it's hard not to cringe at the excessive dorkiness on display here (not to mention the excessive runtime) even if it is clearly a very personal artistic mission statement from Romero. that's mostly mitigated though by the sheer quantity of insane motorcycle stunts and Ed Harris' total commitment to a performance of a guy's total commitment to a performance.
This movie is a rare beast. It's a movie I saw as a child and loved, then saw as an adult and still loved.
Overly long hippie relic mixing anachronistic Renn Fest chivalry of Arthurian legend with Hells Angels-like motorcycle action. The music is 90% horrible and intrusive. There are interesting moments of selling out vs staying true to one's creed and beliefs. But at 146 minutes, this movie is more a tedious test than a time capsule of fun.
I'll admit, the premise to Knightriders instantly piqued my curiosity. Jousting knights on motorcycles sounds like great B-movie fun. However, upon learning that this film has a runtime of nearly two and a half hours, my enthusiasm to watch it quite quickly waned. I had no idea how this premise was going to be stretched out so long - because I had no idea this movie is so much more than its premise. Sure, we have the jousting knights (and some incredible motorcycle stunts) but this is a film primarily about the travelling renaissance fair troupe and the family unit they've developed. Fans of director George A. Romero's other work will also enjoy spotting familiar faces throughout the cast, but…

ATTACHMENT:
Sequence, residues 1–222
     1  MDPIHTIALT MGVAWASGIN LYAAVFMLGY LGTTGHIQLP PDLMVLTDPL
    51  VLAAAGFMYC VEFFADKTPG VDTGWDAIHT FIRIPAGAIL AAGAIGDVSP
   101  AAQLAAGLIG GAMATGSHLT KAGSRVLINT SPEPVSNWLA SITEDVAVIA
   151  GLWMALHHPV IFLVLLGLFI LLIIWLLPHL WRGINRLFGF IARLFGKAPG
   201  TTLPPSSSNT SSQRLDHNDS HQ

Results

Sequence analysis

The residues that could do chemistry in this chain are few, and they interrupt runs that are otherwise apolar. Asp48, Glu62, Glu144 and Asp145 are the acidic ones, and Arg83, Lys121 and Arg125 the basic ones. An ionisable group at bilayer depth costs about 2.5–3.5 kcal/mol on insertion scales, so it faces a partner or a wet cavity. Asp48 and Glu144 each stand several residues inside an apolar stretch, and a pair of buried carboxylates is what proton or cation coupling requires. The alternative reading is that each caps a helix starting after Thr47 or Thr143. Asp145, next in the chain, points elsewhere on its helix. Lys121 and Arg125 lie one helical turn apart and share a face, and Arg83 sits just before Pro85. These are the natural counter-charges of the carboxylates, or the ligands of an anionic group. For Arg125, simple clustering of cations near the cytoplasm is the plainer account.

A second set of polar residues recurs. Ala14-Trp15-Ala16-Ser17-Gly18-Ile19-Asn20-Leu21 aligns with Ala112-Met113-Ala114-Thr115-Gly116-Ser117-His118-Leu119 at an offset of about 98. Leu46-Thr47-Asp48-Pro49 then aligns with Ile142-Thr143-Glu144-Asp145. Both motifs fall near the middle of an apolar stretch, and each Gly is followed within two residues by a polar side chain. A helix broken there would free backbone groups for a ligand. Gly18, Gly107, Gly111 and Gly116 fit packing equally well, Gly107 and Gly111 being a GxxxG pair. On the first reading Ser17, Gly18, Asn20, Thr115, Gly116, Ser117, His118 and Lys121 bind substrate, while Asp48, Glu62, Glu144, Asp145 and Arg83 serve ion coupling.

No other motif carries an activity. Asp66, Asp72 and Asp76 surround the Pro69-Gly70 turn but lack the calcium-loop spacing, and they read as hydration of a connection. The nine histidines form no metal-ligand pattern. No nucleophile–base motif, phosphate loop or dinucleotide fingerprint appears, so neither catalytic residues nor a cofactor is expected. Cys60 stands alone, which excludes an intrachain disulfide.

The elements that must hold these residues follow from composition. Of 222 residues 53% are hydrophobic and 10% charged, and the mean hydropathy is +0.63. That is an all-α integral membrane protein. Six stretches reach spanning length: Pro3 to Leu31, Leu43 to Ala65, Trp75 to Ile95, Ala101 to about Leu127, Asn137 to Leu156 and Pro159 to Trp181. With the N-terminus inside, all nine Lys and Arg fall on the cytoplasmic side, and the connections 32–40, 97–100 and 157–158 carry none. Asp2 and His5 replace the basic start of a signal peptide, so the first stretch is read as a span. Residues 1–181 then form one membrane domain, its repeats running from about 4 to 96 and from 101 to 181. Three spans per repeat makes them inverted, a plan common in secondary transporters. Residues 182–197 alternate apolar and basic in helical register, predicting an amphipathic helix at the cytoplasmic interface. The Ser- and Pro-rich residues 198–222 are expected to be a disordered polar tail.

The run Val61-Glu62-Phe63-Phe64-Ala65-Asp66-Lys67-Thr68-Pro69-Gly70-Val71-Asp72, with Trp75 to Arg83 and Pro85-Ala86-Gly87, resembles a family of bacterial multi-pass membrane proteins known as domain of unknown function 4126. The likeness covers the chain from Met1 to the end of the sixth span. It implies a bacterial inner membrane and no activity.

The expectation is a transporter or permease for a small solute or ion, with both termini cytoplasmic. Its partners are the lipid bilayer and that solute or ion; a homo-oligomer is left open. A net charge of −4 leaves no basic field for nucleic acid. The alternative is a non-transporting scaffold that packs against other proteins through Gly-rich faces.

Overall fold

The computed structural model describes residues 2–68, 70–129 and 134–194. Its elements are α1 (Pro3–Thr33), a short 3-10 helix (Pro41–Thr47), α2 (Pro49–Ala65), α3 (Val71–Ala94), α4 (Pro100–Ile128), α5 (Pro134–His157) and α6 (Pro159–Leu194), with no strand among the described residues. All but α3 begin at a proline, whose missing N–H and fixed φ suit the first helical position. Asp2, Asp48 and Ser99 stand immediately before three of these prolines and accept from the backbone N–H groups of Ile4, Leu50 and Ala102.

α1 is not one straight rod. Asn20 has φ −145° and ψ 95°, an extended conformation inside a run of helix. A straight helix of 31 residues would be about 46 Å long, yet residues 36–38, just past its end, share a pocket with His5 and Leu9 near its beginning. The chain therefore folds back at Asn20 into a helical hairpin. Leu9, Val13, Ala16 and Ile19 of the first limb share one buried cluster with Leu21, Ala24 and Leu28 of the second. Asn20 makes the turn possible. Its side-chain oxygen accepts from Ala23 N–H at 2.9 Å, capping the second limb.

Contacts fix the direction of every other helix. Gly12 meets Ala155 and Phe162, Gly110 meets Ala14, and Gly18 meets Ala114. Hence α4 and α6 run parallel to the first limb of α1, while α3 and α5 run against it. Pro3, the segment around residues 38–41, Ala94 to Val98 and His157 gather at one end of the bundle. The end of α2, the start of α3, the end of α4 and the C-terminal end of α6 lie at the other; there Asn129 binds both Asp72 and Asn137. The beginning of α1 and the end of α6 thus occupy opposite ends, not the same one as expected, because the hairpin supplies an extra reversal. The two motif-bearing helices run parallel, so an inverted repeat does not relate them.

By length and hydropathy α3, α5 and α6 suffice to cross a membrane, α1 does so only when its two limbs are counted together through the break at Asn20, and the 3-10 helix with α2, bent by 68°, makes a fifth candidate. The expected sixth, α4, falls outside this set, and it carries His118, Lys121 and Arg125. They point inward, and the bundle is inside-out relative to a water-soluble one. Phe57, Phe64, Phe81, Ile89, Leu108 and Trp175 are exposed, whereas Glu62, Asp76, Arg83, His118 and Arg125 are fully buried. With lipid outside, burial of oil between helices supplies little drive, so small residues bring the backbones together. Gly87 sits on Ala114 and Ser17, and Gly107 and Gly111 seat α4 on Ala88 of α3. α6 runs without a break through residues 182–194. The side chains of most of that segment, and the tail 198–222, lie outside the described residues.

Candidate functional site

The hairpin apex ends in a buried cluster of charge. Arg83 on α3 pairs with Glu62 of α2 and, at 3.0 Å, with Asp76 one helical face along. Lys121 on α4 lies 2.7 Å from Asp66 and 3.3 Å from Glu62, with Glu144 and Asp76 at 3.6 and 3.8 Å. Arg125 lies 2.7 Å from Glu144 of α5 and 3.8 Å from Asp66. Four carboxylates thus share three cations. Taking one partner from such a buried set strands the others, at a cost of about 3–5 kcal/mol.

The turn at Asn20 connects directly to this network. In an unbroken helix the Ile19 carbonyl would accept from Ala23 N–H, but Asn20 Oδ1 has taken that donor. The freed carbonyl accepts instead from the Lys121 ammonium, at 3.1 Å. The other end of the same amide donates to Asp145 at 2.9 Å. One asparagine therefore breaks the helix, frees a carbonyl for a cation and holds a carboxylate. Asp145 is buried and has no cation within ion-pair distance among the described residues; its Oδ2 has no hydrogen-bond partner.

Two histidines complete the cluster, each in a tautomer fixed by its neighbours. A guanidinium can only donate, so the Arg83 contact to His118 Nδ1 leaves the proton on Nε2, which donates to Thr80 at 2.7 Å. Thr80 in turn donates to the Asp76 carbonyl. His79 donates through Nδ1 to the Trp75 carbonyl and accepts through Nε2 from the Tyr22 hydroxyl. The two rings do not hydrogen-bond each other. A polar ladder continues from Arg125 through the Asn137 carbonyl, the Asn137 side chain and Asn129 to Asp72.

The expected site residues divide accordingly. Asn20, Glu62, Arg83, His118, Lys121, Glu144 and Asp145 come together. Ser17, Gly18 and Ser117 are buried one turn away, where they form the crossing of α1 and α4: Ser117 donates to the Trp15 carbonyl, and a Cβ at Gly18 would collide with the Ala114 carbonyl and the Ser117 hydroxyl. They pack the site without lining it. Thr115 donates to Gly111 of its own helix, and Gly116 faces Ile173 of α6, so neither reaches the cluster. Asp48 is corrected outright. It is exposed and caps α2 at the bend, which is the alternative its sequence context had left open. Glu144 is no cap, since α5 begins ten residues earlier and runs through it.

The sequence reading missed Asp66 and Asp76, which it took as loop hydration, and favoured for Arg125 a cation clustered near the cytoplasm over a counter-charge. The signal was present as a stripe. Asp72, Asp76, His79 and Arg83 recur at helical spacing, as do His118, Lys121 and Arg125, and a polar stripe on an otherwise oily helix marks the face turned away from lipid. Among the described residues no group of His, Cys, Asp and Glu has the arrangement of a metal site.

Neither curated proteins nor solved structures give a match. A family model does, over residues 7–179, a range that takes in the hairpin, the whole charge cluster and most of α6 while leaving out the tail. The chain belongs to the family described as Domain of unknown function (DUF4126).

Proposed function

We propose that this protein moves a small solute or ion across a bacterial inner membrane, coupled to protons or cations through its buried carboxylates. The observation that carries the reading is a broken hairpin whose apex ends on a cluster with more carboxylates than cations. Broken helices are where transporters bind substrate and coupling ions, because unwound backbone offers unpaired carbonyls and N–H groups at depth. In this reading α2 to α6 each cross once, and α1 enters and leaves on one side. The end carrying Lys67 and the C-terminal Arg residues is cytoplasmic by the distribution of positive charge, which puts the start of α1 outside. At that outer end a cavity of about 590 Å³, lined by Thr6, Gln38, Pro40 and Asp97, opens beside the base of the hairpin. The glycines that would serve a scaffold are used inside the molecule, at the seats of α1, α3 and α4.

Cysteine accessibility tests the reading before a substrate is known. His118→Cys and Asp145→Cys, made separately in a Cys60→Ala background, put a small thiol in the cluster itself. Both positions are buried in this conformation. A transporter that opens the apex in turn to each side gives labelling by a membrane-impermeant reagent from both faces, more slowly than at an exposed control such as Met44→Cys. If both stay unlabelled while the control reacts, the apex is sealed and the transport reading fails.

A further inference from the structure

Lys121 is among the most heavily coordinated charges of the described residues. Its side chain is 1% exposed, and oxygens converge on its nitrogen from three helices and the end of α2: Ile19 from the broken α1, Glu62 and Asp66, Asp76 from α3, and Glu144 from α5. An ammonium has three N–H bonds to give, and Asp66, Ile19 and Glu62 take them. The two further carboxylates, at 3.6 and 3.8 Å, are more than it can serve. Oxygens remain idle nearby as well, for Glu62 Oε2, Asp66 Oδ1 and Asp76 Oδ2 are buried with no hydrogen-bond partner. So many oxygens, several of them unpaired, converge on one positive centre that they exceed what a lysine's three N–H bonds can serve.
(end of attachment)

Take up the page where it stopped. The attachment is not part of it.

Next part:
A movie I had heard literally nothing about until its Shout Factory reissue.
Of all the Romero I have seen, this may be his masterpiece. I mean, I know Dawn of the Dead is the greatest film of all time, but this is full of so much passion and heart.
It is the most lyrical and beautiful film of his I have yet seen. The sound of those engines revving and buzzing came to give me chills. Obviously somewhat inspired by George wishing he could just keep making movies with his buddies in PA for his life.
Unhurried. Lets us watch this group converse and ride, lets us learn about their relationships and pasts little by little in a natural way.
Possibly the most personal film Romero has made, about the conflict between pure art and it's nasty commercialization. The way this is delivered via a travelling renaissance fair troupe on motorbikes is so absurdly strange, it makes so much sense.
I've pondered if George was Ed Harris or Tom Savini? my answer, probably both, made after Dawn of the Dead, i can imagine the turmoil in his mind as the studios threw him money as the new king of horror, maybe not something he actually wanted.
Some great stuntwork with the motorcycle scenes. Other than that, couldn't really get into the movie.
Doesn't quite live up to the poster, unfortunately
I had no idea what to expect from this one. You see a troupe doing a reenactment of sorts around the whole Camelot era. Seemingly finding its way into some troubles of its own, lots of cool fight sequences. You will also recognize some Romero "regulars" in the cast from that particular era.
I'd have to watch this a little more but I dig this, and I do stand by what I've said that George Romero's non-zombie films don't get a fair shake.
"I'm not trying to be a hero! I'm fighting the dragon!"
My top 10%.
This is my favorite 10% of all the films I've seen. It only took 6 months of…